'Ticking time bomb': Kootenai County fentanyl overdoses increasing
COEUR D'ALENE, Idaho — Fentanyl-related overdoses continue to increase in Kootenai County, law enforcement said.
In late May, five people died from suspected fentanyl-related overdoses in eight days. Now, ten days later, there have been at least two more overdoses, the Kootenai County Sheriff's Office (KCSO) said. Authorities weren't able to release the condition of the two individuals.
Fentanyl, a synthetic opioid, is continuously popping up all over the county, KCSO said. It's so powerful, that just two grains of this extremely potent and very deadly drug can be enough to kill someone. Fentanyl is 50 to 100 times more potent than morphine, and up to 50 times more potent than heroin. Doses as small as two milligrams are fatal for most people.
"We got well over one hundred pills here," KCSO Sergeant and HIDTA team member Jon Brandel said. "Each one of those is a ticking time bomb."
Brandel said the scariest part about illicit fentanyl is that there is no quality control. That means, within the same batch of pills, one could have no amount of the drug, and another pill could have a deadly dose. Plus, it's nearly impossible to tell which drugs are real and which are counterfeit.
"The frightening thing about it is just the unknown," he said. "You have no way to tell. You couldn't cut this pill in half and go, 'Oh, I can see the big giant red fentanyl in it.'"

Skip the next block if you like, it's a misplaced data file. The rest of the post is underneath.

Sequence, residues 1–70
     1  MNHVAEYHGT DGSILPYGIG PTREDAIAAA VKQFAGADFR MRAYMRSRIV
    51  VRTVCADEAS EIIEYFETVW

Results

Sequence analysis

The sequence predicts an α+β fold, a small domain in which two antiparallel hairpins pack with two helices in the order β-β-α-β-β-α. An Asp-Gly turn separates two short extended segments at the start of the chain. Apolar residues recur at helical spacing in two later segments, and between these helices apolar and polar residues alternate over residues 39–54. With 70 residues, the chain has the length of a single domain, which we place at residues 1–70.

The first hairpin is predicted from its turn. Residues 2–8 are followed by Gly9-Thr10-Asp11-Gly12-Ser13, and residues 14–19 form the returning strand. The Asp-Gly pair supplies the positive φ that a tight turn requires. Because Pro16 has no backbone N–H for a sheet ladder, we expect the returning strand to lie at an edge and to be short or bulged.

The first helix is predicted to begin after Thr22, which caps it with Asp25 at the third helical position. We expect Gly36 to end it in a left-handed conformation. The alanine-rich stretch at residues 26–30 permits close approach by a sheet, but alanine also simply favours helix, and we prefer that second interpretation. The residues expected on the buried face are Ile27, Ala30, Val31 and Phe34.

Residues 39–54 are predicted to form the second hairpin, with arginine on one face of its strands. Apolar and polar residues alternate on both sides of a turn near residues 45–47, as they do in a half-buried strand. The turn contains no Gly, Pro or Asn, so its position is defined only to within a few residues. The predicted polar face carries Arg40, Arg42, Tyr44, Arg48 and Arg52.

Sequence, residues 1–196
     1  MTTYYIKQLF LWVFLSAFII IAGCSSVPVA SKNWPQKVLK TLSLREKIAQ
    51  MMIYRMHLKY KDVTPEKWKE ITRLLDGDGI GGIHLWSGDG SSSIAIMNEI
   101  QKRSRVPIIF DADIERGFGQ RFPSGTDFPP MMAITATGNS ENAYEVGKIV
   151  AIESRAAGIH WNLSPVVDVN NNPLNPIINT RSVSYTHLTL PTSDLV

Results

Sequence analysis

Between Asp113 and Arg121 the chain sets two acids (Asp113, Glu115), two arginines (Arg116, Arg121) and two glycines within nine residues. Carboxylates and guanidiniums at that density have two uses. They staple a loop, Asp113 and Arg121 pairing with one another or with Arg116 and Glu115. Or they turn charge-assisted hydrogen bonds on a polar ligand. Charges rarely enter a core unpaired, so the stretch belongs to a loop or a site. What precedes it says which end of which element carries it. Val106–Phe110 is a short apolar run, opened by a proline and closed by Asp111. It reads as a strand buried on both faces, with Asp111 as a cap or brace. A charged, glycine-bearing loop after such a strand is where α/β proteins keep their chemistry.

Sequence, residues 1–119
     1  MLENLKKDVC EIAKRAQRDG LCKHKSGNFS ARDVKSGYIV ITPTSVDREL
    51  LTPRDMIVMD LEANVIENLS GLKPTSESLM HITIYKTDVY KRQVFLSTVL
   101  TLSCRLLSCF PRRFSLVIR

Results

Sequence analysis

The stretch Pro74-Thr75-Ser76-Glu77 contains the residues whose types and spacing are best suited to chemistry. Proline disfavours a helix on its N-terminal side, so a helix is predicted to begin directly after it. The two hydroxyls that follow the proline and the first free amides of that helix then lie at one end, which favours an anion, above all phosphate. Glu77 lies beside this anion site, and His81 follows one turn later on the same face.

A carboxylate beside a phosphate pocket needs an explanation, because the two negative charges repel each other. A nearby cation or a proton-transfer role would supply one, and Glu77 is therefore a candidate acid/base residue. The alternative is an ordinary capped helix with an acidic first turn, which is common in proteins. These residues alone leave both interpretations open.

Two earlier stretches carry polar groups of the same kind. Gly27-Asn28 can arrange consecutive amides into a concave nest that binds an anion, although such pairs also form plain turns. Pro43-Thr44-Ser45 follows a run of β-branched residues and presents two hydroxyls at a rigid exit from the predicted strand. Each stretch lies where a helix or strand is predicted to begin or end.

Fentanyl comes in all shapes, sizes and colors, he said. Not all fentanyl-related products look like little circular pills.
"Even someone who is knowingly taking heroin, this heroin is cut with fentanyl," he added, pointing out 30 grams of black-tar heroin that his team found in a drug trafficking stop. "That becomes equally dangerous because someone who may be a heroin user is expecting a certain response for their body to a known product, not knowing that it contains fentanyl. And now, they're looking at a potentially dangerous situation."
Drug dealers and traffickers often cut different drugs with fentanyl because the synthetic opioid is incredibly cheap and anyone can make it, he added. Sometimes, people try to buy another drug and get hooked on fentanyl without realizing. He added you should assume that any drug bought illegally has the synthetic opioid in it.
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